I was impressed by the cinematography, set design, and score from the very beginning. The film is shot in black and white, and done completely in artificial sound stages. Each shot was beautifully composed and well-lit: I was reminded of something between the lovely sparseness of early abstract photography and the strange frightfulness of German expressionism.
The choice of doing it in black and white was really well-executed. Black and white film is such an amazing medium to achieve the heights of composition and to get truly stunning chiaroscuro (bold light/dark contrast) lighting to evoke psychological drama.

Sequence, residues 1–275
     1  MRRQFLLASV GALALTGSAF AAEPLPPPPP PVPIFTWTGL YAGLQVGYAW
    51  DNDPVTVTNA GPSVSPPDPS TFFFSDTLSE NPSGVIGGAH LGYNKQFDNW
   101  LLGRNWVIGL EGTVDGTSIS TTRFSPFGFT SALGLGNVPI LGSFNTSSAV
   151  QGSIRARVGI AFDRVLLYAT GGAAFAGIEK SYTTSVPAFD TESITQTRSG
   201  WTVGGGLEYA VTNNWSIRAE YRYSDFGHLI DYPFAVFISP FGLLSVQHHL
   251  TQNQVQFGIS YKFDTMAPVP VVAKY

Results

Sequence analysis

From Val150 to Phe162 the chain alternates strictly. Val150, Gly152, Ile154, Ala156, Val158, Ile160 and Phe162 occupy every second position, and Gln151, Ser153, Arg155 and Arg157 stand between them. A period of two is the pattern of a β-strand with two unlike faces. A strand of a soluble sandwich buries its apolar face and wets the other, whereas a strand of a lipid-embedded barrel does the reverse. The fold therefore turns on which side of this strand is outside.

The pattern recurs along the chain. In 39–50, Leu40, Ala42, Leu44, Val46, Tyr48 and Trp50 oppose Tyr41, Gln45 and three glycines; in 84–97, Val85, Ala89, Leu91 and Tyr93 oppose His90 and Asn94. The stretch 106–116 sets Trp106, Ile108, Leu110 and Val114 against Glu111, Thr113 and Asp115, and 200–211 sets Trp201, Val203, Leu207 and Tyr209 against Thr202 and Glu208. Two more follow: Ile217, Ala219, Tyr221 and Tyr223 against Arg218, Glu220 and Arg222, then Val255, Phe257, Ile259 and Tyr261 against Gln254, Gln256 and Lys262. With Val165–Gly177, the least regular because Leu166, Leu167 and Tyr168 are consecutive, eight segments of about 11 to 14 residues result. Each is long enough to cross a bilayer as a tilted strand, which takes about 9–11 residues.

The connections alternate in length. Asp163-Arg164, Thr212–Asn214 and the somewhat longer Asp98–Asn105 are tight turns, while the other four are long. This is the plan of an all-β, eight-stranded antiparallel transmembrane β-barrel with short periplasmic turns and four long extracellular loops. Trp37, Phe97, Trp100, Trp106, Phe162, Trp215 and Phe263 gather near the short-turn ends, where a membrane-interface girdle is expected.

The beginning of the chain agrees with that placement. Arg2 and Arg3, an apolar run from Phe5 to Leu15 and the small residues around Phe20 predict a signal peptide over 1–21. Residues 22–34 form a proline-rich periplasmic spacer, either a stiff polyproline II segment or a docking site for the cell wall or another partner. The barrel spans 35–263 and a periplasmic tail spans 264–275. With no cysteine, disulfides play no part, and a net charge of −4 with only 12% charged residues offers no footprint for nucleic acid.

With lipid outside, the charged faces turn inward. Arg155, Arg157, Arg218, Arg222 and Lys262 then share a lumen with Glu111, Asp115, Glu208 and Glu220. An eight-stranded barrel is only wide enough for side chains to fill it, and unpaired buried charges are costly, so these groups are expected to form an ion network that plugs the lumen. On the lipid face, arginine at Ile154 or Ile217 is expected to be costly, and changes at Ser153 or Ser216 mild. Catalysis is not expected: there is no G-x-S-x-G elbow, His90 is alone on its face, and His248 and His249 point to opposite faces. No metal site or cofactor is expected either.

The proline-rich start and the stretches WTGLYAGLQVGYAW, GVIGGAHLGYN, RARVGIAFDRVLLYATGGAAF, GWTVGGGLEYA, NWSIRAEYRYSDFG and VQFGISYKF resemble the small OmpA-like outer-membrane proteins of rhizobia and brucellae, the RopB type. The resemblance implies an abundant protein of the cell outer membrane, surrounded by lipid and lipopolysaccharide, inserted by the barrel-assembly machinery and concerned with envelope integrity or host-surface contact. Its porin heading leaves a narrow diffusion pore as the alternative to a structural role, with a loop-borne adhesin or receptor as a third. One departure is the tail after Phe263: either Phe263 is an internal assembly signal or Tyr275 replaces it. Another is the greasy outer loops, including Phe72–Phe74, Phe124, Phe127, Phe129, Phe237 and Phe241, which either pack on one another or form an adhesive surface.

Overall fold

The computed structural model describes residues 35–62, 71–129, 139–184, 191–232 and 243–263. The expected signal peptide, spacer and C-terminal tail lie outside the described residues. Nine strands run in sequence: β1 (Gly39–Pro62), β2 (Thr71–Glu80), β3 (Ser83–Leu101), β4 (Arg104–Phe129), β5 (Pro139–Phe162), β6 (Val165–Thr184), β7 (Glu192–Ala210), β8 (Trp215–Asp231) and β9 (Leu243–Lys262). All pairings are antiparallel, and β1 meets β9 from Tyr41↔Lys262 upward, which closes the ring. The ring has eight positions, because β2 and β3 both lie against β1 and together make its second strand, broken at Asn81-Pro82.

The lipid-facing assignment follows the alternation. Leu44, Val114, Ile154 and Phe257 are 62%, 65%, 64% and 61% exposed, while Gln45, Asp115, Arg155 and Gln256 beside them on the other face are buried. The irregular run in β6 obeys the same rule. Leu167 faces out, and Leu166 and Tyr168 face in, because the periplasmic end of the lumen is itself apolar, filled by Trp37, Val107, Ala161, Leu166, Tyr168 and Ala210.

A few particularly dark and almost gothic shots—
—are reminiscent of more early photography:
Architectural space in the film becomes the arena for the tragedy to play out. Light interacts with space to create a sense of foreboding:
There is also mid-century surrealist and and film-noir influence, especially with the Roman architectural motifs:
And these are too beautiful to be left out:
The Tragedy of Macbeth (2021) in my opinion is well-deserving of its Best Cinematography (Bruno Delbonnel) and Best Production Design (Stefan Dechant, Nancy Haigh) Academy Award nominations! It wasn’t a perfect movie, but it was a delight for my eyes.